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Ooo this posting brings tears to my eyes. It's been 10 years since I had these when a group of us went on a makan tour of Melaka. Hidup Hoe Kee

Nate 2.0

I heard about these chicken rice balls as being a Muar specialty but the general consensus was that they weren't worth driving all the way to Malacca for. I guess you need to find the mother restaurant that started it all.


Yummy! Thanks for posting this. I was trying to describe this dish to my friends here (having grown up in Malacca) but I don't think I was giving the dish adequate justice. This post is perfect for passing on... :)


GREAT story, and great post. Sounds fantastic!


Nate - I'm of two minds on this one. The balls are delicious ... more delicious than non-balled rice? Don't know. The soups are wonderful. Is this THE best chick rice in Malaysia? I doubt it. I wouldn't drive to Melaka ONLY for this, but if I were in Melaka I would definately devote a meal to it.

mdl - sorry for making you cry. ;-)

Karen - you're welcome. Guess we're performing a public service here.

Kevin - thanks.


The chicken rice balls are neither a Melaka nor Muar specialty.

I'm Hainanese on my father's side and rice is rolled into balls as it's easier to eat without utensils - probably something that the Hainanese on Hainan Island did as many were either farmers or fishermen and it's easier to bring rice balls to the fields/onto the boat for lunch than carting a whole load of bowls and chopsticks for each individual.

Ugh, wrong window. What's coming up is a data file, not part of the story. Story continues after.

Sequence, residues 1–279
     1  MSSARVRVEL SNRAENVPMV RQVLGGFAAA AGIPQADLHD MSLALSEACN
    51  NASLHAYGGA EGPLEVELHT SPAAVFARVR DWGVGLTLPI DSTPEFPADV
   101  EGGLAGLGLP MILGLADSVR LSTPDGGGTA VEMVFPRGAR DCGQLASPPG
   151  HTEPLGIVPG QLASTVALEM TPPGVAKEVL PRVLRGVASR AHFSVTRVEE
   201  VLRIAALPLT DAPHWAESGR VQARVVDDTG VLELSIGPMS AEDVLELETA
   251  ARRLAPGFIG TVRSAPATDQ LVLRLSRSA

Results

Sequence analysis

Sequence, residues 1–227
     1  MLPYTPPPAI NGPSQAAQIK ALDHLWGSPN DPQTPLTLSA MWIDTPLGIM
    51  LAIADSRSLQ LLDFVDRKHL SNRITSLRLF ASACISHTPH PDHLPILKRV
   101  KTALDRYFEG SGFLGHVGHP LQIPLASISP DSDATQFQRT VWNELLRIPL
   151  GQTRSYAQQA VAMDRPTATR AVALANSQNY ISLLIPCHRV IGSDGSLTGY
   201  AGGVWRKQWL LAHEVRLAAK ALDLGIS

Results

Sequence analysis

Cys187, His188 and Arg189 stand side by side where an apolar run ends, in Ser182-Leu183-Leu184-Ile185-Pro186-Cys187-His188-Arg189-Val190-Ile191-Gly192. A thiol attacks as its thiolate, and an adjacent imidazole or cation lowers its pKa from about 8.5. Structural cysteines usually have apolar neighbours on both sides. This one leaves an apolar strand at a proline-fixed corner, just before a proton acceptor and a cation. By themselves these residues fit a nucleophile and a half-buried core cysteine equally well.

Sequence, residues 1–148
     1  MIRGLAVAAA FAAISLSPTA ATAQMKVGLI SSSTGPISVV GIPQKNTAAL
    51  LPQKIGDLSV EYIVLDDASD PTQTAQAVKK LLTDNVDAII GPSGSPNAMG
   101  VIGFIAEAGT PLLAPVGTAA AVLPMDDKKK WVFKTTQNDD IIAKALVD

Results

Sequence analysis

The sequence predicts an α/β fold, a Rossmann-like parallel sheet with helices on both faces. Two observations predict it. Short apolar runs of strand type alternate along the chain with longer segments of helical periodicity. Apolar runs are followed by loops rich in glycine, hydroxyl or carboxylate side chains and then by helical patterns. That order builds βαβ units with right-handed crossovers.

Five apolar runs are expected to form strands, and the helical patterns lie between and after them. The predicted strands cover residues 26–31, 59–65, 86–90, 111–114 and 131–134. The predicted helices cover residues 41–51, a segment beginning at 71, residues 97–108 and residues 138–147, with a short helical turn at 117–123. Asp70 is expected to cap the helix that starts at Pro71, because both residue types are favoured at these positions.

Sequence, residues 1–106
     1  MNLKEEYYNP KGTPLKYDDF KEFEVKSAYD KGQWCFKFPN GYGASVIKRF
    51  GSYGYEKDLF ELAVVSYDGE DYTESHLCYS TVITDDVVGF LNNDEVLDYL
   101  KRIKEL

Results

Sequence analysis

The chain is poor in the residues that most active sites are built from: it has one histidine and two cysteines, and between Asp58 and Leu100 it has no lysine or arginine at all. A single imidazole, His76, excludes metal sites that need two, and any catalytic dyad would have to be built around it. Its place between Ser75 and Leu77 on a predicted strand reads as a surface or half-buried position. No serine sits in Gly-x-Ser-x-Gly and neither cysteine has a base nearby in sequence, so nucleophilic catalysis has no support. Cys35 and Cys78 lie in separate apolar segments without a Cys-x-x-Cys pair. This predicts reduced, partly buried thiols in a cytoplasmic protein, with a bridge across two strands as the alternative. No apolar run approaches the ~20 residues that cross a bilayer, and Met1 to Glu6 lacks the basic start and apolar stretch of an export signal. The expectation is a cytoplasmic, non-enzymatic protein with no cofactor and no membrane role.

My step-gran still makes rice balls as part of the food offering for Qing Ming.


Shiewie - Interesting!
I wonder if Hoe Kee was Hainanese, or if his wife is. Is this story one big fib, then? Or might we say that though the balls originated in Hainan, his wife introduced them to Melaka? And why are they so often associated with Melaka - is chicken rice commonly served this way elsewhere in Malaysia?
Also, I suspect that rice rolled into balls is not unique to Hainanese. Certainly farmers/fisherman/laborers in other parts of Asia have prepared and consumed rice this way, for its ease of transportation and consumption.
Hmmm...this calls for some investigative journalism.

Pat Wong

I also feel that the story is a bit far fetched. It is highly unlikely that those working as labourers in the docks could have afforded chicken.During those days chicken was a very expensive commodity served only during festivals.It was never consumed on a regular basis.Beef was infact cheaper than chicken!


Regardless, it's still a great story. Those darned Indonesians. Ah well. At least the world got some chicken rice balls out of it. =)


Thanks Pat, for that historical perspective. But kopitiam were at that time serving chicken chops, no? Someone was eating chicken outside of special occasions...

Chubbypanda - yes, I'm happy to say the 'outing' of Hoe Kee and its back story does not diminish the deliciousness of the dish for me.

Steamy Kitchen

great story!

i wish i had a recipe too....


Great Point Thank you Man ... i Like Your Blog !


I never realised that there was an amazing story behind the creation of the Chicken Rice Balls!
And I never imagined that I unintentionally stumbled upon this shop and had lunch at the shop run by the family of the founders!

يوتيوب اسلامي

Great Point Thank you Man ... i Like Your Blog !


Yum! your picture is tempting me so bad. I think I will go to this place while I visit Malaysia next month. Thank you for sharing us.

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